Abortion foes brave cold to join March for Life
The world’s largest antiabortion event, held on the anniversary of the Supreme Court’s Roe v. Wade decision, grows younger each year. The Mall between Seventh Street and the Washington Monument was full for a few hours with youth groups from across the eastern half of the country.
Abortion has been legal in the United States for these young people’s entire lives, and the movement’s leaders say the latest generation of activists is creating a more upbeat culture. Graphic images of fetuses and angry sermons shouted through bullhorns were rare Wednesday. Instead, the Mall was filled with people holding placards with such slogans as “We are the pro-life generation” and large images of a smiling Pope Francis. Speakers pumped out dance music.
Although most marchers are Catholic, particularly members of high school and college groups from parochial schools and Catholic universities, organizers closed the event with a well-known non-Catholic — evangelical leader James Dobson, who appeared with his adopted son.
This year’s theme was adoption, an effort to show more empathy to mothers, said Jeanne Monahan, president of the March for Life Education and Defense Fund.
March leaders are working to broaden the march — arguably the antiabortion movement’s public face — from being largely Catholic, white and often heavy with Republican speakers and GOP-leaning signs in the crowd. Political speeches this year were shortened, and Monahan did away with video welcomes from politicians.
Brendan O’Rourke, 28, was marching up Pennsylvania Avenue with 70 others from the Diocese of Columbus, Ohio. The youth pastor said he doesn’t think abortion has to be a divisive issue — or one based on religious precepts.
“I’m not antiabortion for religious reasons,” said O’Rourke, who wore a sticker saying “I’m worth waiting for.”
“We can’t all agree when life begins, but there’s a good chance there’s a life in there,” he said. “It seems better to be on the safe side.”
The March for Life is the culmination each year of several days of meetings and Masses and training sessions for abortion opponents. Included was a workshop Wednesday for antiabortion bloggers at the Family Research Council.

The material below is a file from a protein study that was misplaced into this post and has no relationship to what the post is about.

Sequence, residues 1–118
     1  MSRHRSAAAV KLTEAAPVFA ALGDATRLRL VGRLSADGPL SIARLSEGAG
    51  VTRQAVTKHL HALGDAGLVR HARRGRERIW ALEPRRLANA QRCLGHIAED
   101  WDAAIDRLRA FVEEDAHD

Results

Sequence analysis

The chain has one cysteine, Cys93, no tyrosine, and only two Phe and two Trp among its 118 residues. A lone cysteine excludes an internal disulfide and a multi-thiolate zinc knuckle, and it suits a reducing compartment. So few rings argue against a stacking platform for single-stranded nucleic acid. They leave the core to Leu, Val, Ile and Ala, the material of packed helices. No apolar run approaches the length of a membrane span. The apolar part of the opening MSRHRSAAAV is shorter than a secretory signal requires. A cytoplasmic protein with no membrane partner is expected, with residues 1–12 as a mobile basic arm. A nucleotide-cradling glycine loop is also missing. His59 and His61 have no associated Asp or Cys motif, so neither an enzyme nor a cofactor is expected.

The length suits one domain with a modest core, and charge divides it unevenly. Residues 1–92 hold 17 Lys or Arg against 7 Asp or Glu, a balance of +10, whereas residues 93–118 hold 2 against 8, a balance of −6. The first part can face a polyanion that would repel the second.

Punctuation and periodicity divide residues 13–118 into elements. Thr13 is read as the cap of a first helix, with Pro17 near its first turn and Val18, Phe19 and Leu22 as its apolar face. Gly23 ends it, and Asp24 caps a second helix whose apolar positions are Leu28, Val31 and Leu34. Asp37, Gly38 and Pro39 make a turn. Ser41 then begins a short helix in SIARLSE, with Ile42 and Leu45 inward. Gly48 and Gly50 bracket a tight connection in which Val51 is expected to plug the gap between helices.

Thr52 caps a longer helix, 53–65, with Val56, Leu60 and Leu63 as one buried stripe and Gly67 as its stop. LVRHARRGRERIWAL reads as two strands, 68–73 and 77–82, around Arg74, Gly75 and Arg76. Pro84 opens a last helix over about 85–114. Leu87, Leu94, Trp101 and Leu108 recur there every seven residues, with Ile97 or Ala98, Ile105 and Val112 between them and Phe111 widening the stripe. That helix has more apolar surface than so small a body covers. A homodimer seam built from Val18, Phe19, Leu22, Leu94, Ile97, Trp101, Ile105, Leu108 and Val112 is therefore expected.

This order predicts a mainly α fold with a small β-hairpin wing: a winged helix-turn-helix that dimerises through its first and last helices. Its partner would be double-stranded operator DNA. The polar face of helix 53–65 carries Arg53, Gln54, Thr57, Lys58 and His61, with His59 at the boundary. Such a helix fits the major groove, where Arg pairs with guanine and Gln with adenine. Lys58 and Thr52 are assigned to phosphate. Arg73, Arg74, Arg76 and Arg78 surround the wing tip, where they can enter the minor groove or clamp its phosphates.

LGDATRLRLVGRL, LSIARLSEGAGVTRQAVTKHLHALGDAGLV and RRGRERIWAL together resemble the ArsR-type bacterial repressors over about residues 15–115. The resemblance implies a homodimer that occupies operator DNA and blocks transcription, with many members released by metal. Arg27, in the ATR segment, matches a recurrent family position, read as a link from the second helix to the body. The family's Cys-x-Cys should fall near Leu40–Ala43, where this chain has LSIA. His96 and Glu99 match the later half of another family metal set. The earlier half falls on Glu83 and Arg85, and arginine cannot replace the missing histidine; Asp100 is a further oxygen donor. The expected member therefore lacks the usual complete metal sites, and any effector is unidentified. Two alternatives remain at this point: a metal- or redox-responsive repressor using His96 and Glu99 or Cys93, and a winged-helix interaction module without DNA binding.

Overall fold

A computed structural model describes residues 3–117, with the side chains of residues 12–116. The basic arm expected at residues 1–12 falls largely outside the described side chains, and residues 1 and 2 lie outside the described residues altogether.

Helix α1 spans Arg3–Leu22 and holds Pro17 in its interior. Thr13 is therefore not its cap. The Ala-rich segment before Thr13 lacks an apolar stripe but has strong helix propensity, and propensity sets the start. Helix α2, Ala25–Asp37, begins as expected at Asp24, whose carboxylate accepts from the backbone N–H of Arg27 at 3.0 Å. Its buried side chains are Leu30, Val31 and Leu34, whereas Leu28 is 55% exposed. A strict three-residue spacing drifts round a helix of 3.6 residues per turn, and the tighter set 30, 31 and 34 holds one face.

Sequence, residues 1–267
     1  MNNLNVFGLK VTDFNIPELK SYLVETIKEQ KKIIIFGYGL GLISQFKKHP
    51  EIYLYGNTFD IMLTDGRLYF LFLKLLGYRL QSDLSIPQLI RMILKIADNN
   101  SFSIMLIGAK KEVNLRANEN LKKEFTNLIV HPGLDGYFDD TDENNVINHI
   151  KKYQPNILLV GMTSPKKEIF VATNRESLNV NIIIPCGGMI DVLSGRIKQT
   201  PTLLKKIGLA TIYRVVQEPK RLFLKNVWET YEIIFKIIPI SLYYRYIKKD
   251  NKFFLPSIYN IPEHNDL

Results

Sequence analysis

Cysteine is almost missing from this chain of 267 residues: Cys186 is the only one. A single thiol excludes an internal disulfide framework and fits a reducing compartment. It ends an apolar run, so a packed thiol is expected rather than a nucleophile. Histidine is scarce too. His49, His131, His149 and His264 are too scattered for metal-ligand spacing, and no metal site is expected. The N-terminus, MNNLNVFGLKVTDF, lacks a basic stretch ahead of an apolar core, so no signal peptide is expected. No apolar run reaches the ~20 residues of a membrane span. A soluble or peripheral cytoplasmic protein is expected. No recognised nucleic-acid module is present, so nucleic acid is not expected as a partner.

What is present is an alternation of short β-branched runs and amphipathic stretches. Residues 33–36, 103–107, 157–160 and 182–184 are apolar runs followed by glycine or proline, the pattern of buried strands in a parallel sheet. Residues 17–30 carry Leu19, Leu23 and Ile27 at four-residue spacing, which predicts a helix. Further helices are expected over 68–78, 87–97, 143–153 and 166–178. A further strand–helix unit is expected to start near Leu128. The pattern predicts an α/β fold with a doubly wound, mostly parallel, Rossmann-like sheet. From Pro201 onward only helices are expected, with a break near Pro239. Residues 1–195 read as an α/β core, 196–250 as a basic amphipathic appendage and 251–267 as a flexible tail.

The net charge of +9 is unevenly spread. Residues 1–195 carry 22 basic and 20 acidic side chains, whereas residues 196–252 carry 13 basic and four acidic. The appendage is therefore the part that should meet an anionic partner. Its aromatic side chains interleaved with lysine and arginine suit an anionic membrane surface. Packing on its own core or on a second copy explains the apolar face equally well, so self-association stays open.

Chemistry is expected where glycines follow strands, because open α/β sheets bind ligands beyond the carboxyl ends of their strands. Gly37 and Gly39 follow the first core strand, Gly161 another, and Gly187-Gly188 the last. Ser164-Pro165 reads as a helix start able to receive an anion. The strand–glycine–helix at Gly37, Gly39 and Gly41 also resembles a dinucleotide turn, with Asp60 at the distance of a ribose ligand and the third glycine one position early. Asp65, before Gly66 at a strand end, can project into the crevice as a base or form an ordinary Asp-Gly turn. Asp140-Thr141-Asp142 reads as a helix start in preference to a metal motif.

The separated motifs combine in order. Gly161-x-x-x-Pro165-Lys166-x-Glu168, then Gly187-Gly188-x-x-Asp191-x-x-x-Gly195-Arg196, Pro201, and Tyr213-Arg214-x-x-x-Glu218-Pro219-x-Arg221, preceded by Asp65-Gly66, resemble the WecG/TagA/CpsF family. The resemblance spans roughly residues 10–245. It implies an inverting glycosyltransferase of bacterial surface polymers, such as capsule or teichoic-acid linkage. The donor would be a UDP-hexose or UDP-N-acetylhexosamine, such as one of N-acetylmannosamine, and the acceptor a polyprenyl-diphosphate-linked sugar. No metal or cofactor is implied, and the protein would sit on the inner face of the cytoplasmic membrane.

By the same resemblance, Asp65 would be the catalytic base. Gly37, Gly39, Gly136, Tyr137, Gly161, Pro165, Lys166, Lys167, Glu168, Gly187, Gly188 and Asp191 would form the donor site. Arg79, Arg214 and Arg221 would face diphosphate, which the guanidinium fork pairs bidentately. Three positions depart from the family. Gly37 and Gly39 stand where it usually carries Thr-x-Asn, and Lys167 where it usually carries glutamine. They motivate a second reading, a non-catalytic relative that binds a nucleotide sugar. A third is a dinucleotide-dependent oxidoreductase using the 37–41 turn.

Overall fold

Rick Santorum, a 2012 Republican presidential candidate and former senator from Pennsylvania, told the workshop that the antiabortion movement is making a key transition, to be more of “love, not of judgment.”
For decades, the march was run largely by one woman out of her home office in Virginia. But since Nellie Gray died in 2012, the march’s staff and its budget have doubled. It has waded into social media — the common language of most participants — and created #whywemarch in the past month.
Monahan said this year’s theme shows that activists are trying to reach out to a new generation who appears more open to the argument of abortion opponents if it is seen as less partisan and more empathetic to pregnant women. Statistics show public opinion on abortion access has not significantly changed.
Kathryn Brown, 20, was among hundreds of students from Benedictine College in Atchison, Kan., who made a two-day bus ride to Washington. Her group led the march from the Mall to the Supreme Court, holding the front banner and wearing red and black stocking caps. Brown was at a Mass on Wednesday before her fourth March for Life.
“The amazing thing is, they aren’t there because they’re mad at the government, they’re there out of love, sacrificing themselves in the cold out of love,” she said.
Brown stands outside an abortion clinic with 10 or 20 others twice a month to speak with women going to the clinic. Brown has been active in the movement since high school and thinks she and her peers are different from earlier generations in their style — they don’t hold signs of aborted fetuses, for example.
“I think we’ve developed our techniques somewhat. They used to use harsher, more graphic signs. The focus of the pro-life movement has become a more loving, gentle approach,” she said Tuesday.
The White House issued a statement Wednesday supporting a woman’s right to an abortion and vowing to work harder to reduce the number of unintended pregnancies.
Abortion debates have become regular fodder, particularly in state-level elections, as the number of states enacting restrictions has risen. More state abortion restrictions were enacted in 2011-13 than in the entire previous decade — 53 last year alone.
In response, NARAL Pro-Choice America is increasing its state operations and will target multiple candidates in the midterm elections. The legislative pace is much slower on the federal level, but the House passed a bill last year that would ban abortions starting at 20 weeks; that measure is pending in the Senate.
Planned Parenthood issued a statement Wednesday noting that more than half of American women of reproductive age live in states in which state legislatures have placed some restrictions on abortions.
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